When I was asked to summarise what my corporate life stood for, after looking through my career graph, I said its about “Making a difference”. I love the whole process of unlocking potential. It’s a gift that you are able to spot potential and then it becomes a responsibility that you help the person live upto that potential. Many organizations have the performance-potential nine blocker grid, the famous grid developed at GE by Jack Welch and copied widely across. The grid is just that – part subjective and part objective assessment of a professional. The challenge is what parameters do you use to evaluate potential. Performance is relatively simpler, since there are always some metrics and some folks to compare against, but potential is the tricky one.
I use two yardsticks always and it has usually kept me on the right path – one is the values that the person brings to the table, two is the willingness to take ownership. Without the basic right values, it doesn’t matter if the person has a Mensa level IQ or a Hercules’ physical prowess – failure is guaranteed and the organization that they will build will have a very weak foundation. The only two values that I look for are integrity and fairness – integrity that is not the glib talk about “walk the talk” but someone who is totally aligned within himself/herself. Someone who doesn’t make false promises, is willing to backup his/her claims with actual work/data and someone who won’t take credit for work not done by them… Even if it means failing.
I read this nice fable long long back about how when asked to reduce the Torah to one sentence, the Master said “Never do unto others what you would not have others do unto you” and that is the essence of fairness.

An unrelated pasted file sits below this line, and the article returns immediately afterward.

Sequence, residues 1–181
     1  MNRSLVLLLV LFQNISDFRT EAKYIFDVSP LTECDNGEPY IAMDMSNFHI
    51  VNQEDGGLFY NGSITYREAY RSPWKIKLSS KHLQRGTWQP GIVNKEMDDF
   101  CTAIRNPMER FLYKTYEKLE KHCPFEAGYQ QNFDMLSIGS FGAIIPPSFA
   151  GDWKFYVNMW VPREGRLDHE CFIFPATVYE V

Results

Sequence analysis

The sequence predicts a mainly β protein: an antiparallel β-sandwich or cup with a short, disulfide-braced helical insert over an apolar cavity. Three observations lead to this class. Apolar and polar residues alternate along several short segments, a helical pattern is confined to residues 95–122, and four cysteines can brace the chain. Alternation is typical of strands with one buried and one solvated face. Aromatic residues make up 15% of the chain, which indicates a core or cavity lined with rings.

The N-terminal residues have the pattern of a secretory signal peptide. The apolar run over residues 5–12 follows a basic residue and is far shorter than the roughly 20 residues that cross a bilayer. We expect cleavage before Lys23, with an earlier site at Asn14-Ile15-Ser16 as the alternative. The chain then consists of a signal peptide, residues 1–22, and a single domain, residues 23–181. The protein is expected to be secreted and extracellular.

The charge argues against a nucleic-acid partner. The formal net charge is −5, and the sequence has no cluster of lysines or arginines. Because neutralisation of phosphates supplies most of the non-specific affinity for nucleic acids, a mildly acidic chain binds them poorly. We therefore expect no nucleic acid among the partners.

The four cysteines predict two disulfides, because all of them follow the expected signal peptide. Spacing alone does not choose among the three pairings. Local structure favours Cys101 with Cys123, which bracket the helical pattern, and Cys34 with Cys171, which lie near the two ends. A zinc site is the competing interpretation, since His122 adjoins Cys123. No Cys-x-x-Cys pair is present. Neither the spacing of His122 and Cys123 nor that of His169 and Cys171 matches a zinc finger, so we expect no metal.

The willingness to take ownership is important since it brings a very different level of involvement – the long term thinking, planning for succession, the big picture view, accountability, letting the buck stop with you – all these come by when a person is willing to take ownership.
This may be very rudimentary but what is needed is calibration on what each organization defines as potential, otherwise the Performance-potential grid will be a wasted exercise. I don’t see a lot of calibration on this – the whole activity gets reduced to a tick in the box. And when you overlay the other complexity of mapping the potential to what is required in the role, it leads to mixed results. As you look around organizations and the leaders, if you see dissonance between the role and ability, or culture and strategy, chances are that there have been no calibrations of the kind I mention above.
Yesterday was special for me as two people that I have had the pleasure of knowing for a long time, displayed their unlocked potential during a leadership meeting. Rohit Malik, from the “Vadamecum” mornings to hearing you articulate the goals of your department so well, it has been a privilege to see the growth. Rohit Sharma, your hidden eloquence finally came out in the open, your genuinity and sincerity just shone through. I sat there feeling so proud and so happy, another special corporate moment got added to my list :):) thanks for the privilege of watching a transformation unfold.